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Everything is Possible

Peugeot offered the 607 with petrol or diesel power

Posted by dennywigxs on November 3, 2008

Make it as comfortable as a feather mattress, as sleek as an otter and as French as Gérard Depardieu. Apparently that was the design brief for Peugeot’s flagship 607, which, incidentally, went on to be a UK sales disaster.

Launched at the end of 2000, it was a slow seller and a rapid depreciator, so today used prices start at a measly £2,000 for a tidy 2000-registered example. To attract buyers, Peugeot kitted it out with everything but the kitchen sink, so all models have climate control, electric windows, cruise control and a host of airbags. The SE — the biggest seller — adds parking sensors and a sun blind, and later on in the 607’s life came colour sat nav and electric seat adjustment. These toys are of course more things to go wrong, so check they work properly.

Peugeot offered the 607 with petrol or diesel power, the humblest 2 litre diesel producing 110bhp, and the 2.2 litre twin-turbocharged diesel developing a mighty 170bhp. Between them is the best all-rounder — the 136bhp 2.2 litre diesel, which provides strong performance married to a potential 40mpg-plus in mixed motoring. It is well suited to the laid-back 607, particularly with automatic transmission.

Petrol-wise, the entry-level 136bhp 2 litre is the most economical petrol unit, although it was withdrawn in 2004 for its supposedly lacklustre performance. An undoubtedly superior drive is the 2.2 litre 160bhp unit. Available with manual or automatic transmission, it pulls strongly and will return more than 30mpg if driven carefully.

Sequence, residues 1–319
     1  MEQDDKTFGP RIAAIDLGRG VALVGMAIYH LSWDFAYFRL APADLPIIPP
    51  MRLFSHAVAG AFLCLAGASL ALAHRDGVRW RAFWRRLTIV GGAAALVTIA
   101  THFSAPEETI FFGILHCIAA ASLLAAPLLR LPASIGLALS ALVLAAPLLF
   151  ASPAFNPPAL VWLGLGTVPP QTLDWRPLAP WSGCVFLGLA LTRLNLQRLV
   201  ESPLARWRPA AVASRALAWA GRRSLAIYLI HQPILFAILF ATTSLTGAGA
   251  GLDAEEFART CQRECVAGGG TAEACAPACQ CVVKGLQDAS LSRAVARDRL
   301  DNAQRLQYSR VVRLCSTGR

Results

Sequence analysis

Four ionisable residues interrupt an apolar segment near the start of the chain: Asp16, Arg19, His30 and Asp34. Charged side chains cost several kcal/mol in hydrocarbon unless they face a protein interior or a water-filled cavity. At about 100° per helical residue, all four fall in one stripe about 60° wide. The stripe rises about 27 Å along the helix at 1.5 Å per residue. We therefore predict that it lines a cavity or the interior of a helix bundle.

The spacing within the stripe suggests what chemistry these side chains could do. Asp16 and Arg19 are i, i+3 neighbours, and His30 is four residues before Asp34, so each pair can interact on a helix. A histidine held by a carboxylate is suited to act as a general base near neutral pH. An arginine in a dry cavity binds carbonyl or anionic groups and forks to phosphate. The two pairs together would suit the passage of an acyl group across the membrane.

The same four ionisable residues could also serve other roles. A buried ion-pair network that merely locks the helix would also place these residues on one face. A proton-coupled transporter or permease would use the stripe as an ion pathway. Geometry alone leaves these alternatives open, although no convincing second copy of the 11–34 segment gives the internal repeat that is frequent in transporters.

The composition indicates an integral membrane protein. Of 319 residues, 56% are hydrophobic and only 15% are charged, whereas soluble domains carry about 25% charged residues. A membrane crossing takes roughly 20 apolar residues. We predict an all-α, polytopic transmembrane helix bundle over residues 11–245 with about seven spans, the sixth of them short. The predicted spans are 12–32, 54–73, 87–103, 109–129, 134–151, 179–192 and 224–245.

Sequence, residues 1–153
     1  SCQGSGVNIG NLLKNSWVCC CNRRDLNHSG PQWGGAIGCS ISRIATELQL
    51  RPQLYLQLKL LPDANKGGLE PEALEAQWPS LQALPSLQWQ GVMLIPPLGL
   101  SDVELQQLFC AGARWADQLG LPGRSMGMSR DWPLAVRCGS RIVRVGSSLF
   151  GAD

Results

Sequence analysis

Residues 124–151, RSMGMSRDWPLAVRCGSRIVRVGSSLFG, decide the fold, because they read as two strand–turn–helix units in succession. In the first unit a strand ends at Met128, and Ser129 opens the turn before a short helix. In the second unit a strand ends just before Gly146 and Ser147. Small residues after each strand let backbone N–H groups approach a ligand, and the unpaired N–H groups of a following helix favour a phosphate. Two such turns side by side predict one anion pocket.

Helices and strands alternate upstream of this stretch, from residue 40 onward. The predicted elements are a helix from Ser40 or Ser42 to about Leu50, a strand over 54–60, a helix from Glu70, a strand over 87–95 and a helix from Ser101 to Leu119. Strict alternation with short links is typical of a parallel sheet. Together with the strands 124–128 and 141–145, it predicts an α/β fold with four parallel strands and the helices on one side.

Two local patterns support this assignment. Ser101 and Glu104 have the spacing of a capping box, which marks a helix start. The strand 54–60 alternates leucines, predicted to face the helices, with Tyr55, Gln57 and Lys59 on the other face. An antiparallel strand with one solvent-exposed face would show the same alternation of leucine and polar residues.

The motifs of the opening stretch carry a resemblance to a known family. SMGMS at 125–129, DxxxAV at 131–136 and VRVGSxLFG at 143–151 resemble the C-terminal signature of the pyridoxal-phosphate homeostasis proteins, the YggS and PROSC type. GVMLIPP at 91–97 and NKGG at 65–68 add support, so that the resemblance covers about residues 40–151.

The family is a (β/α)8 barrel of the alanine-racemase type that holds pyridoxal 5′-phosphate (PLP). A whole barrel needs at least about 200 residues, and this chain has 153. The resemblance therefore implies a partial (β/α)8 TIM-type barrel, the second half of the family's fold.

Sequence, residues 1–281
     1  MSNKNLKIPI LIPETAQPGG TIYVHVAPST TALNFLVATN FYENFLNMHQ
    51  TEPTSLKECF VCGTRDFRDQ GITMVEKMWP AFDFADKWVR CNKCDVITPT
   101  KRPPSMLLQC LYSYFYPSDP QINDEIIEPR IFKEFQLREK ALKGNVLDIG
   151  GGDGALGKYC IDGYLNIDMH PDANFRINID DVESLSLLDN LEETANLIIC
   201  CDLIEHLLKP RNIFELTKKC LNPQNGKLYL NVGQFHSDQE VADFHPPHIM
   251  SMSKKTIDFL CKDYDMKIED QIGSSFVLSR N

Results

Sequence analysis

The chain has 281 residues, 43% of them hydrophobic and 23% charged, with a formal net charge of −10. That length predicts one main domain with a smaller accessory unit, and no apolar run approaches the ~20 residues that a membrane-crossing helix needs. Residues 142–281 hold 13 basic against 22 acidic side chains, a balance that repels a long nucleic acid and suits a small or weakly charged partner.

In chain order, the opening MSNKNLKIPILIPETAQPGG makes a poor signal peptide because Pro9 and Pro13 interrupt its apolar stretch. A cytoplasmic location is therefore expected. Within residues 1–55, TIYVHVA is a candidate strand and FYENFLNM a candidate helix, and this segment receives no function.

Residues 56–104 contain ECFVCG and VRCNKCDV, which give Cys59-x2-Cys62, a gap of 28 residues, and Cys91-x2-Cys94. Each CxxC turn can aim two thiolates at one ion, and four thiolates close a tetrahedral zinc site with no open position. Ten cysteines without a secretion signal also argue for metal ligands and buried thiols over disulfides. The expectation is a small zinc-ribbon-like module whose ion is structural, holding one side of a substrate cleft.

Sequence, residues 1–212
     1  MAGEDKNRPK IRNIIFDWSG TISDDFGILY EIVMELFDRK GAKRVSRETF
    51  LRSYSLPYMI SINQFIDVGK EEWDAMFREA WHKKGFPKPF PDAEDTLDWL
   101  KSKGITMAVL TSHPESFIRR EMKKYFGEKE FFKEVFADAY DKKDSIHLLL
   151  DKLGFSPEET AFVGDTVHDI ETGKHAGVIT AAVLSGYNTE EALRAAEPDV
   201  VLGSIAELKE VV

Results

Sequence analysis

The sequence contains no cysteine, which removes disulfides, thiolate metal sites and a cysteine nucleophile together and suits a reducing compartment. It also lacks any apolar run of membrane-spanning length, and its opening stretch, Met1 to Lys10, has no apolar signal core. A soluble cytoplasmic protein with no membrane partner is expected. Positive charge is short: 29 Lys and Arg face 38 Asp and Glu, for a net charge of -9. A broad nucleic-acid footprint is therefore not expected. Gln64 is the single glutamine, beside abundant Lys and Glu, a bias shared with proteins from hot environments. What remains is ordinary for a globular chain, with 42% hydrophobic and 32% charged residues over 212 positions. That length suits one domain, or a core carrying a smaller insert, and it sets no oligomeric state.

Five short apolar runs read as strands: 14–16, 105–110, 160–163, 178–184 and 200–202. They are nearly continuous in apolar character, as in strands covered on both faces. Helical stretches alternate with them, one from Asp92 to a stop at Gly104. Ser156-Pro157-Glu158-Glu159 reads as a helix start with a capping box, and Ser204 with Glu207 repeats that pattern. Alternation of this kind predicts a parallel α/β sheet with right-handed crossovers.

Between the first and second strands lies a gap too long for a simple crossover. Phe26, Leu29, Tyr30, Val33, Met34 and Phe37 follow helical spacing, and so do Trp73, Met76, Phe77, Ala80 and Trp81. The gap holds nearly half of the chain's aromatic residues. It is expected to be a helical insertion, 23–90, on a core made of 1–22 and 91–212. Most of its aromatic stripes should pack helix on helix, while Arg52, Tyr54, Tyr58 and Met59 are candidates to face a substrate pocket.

Topping the range is the 3 litre V6 engine, which comes with automatic transmission as standard and produces a healthy 211bhp. If you’re comfortable with 25mpg, then take a good look at one of these.

The 607 feels soft and supple on the road, with slightly vague steering but a ride cossetting enough to take the edge off the worst road surfaces. After owning a 607, many drivers find it difficult to live with a firmly sprung German executive car. The 607 is only 10cm shorter than a BMW 7-series, and consequently has a roomy cabin, despite the low roofline. A broad rear bench seats three adults in comfort, and legroom is unbeaten by anything this side of a limo. At 509 litres, the boot is big too.

As Peugeot’s flagship was mostly bought for company fleets, the early-life service history is usually faultless. Subsequent owners are often less than fastidious, though, and many second-hand 607s end up in private hire, so carefully check the maintenance record of any candidate for purchase.

The underrated 607 offers maximum style and comfort for minimum money.

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